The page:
Applying a shared value lens to aged care.

BLOG: Shared value is a tool for differentiation and growth.

Melanie  •  Tuesday October 30, 2018
Health & Ageing  •  Social Impact
shared value in aged care

The Aged Care industry is being challenged like it has never been before. Ongoing government reform, deregulation and the intense glare of the media has meant that the industry has been under constant scrutiny in recent years, culminating in this month’s Australian Government’s announcement of a Royal Commission into Aged Care. At the same time, consumers continue to demand more and to demand better from aged care providers. Together these forces have been moving the sector towards a more sustainable market-based, consumer driven aged care system, presenting an unprecedented opportunity to change how the sector works to deliver value to both investors and the communities that these providers serve.

It’s an exciting time for those working in aged care to innovate service models, build new partnerships and grow relationships in the community. The framework of shared value provides a clear lens in which to do this. Shared value is a business strategy focused on creating measurable financial value by identifying and addressing social problems that intersect with their business. Aged care providers – not-for-profit, private, publicly listed and government – provide a perfect shared value proposition. Regardless of ownership or mission, aged care is about meeting the social, health and care needs of older Australians.

Shared value provides a clear strategic framework to plan for and communicate value. For us, shared value starts with mapping the assets and expertise of an organisation, challenges and opportunities, as well as the needs of the communities in which businesses operate. This framework helps aged care providers to find opportunities in unmet social needs and an impetus to innovate.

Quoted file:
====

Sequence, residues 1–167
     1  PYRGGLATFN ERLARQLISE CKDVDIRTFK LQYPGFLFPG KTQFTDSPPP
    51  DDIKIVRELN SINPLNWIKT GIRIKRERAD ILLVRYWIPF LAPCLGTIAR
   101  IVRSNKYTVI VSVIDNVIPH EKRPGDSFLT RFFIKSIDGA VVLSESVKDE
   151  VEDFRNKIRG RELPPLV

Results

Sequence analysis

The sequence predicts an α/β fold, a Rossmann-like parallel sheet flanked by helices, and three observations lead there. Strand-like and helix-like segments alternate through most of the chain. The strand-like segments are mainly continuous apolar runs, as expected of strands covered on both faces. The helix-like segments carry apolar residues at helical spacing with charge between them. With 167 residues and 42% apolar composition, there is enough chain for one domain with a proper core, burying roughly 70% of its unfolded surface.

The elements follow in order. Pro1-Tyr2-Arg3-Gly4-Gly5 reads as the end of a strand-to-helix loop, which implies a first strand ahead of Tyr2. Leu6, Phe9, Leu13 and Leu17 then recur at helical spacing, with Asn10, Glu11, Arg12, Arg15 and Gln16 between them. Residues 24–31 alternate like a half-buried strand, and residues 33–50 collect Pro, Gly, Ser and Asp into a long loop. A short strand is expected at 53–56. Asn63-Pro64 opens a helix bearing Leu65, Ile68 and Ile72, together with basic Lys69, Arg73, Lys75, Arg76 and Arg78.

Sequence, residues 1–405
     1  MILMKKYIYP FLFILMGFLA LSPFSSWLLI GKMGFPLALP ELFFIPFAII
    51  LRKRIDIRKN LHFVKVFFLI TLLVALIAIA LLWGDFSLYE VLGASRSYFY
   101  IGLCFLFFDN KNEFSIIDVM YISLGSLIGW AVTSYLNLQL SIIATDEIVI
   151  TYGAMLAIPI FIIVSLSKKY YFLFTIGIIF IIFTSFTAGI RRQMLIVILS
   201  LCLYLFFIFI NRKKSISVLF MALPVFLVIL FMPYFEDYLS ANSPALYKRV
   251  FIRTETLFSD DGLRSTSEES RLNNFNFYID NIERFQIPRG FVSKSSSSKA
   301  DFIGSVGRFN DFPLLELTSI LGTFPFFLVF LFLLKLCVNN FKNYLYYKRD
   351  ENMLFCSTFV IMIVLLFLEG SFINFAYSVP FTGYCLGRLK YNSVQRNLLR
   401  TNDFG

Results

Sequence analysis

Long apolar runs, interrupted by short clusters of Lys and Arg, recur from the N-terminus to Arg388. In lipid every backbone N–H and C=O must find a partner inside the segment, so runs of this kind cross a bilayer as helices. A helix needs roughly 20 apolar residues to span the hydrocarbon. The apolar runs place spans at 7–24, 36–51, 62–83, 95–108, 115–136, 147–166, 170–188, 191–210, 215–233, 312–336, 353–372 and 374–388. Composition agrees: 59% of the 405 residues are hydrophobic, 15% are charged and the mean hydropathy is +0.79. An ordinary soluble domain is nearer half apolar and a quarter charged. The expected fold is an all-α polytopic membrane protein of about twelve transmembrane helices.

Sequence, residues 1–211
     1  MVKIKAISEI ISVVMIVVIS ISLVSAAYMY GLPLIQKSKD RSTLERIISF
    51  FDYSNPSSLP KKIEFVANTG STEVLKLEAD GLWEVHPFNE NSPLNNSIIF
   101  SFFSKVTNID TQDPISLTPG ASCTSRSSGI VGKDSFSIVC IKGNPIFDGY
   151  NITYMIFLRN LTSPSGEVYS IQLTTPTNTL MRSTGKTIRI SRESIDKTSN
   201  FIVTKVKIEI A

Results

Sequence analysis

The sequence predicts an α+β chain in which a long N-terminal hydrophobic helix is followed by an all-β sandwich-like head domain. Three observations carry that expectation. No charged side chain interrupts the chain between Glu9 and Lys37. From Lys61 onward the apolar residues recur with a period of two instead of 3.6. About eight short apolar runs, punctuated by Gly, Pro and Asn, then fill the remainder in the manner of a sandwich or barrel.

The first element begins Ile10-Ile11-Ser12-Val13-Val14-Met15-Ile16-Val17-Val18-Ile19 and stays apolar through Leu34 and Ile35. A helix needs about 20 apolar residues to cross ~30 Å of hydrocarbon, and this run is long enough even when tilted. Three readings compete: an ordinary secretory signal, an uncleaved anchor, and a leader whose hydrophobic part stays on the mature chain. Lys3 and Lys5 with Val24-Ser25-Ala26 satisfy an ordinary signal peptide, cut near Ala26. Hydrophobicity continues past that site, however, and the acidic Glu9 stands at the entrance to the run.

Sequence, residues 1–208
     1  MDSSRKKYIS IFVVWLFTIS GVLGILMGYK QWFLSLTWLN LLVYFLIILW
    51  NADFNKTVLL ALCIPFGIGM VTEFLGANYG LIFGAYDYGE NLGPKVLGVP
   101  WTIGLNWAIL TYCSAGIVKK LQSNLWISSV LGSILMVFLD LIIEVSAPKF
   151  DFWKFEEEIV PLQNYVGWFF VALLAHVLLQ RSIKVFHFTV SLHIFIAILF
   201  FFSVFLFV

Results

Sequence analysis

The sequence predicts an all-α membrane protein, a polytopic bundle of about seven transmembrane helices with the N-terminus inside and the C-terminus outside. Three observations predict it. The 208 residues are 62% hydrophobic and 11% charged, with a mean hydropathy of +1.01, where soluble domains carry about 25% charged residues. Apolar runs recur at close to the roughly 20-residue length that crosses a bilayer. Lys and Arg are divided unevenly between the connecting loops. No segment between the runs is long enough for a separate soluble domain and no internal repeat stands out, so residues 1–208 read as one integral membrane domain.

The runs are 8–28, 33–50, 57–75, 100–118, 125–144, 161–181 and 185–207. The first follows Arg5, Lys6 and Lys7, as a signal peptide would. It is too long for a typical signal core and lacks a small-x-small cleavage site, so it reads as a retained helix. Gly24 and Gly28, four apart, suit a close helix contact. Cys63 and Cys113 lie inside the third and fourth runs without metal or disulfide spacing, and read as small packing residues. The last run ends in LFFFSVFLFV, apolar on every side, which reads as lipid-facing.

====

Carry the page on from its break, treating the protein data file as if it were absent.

shared-value-in-aged-care

Assets and expertise.

Beyond nursing and geriatric care, aged care residences provide food, shelter and community meeting places. They connect services and people. Residents, their families and the people who work in them are also uniquely connected to the community and their needs. Employees often live in the same communities in which they work and have a deep understanding of the local community and strong networks. This puts them in a unique position to support communities.

Opportunities and challenges.

The aged care sector is growing rapidly to meet the demand for care. Like any sector going through rapid growth, aged care bears some stretch marks. The reputation of the sector is at a low with worse likely to come from the Royal Commission. Providers also find it difficult to innovate services and products in a tight regulatory environment and to separate themselves from its competitors. Workforce growth also continues to provide a challenge and a huge opportunity. It’s an opportunity to find and grow a generation of workers who think a bit differently about the customers and the role of aged care in our society. Ultimately, the care of their workforce and dedication to continual improvement will be one of the keys to brand differentiation.

Social needs.

The clinical needs of the ageing population are significant and well understood. Beyond health and care, there are a range of diverse needs that communities require to thrive. These include emotional and cultural connections, access to health and wellbeing facilities and services, food that nourishes the body and the soul. We also need built spaces that support people to be at their best. This is true for all of us who orbit the aged care sector – residents, families, staff, allied health workers, volunteers and beyond. At a macro level, many communities also require economic support, training and education to bolster local economies.

Aged care providers have the potential to fulfil all these roles in a community. Shared value provides a means of evaluating these needs against an organisation’s strengths and known opportunities to create new products and services that bring value in its fullest sense.  At Ellis Jones, we start this journey by engaging communities in a co-design process. This helps organisations to deliver shared value services based on deep and actionable consumer insights.

Do you want to learn more about how a shared value perspective can help you to grow? Talk to us today.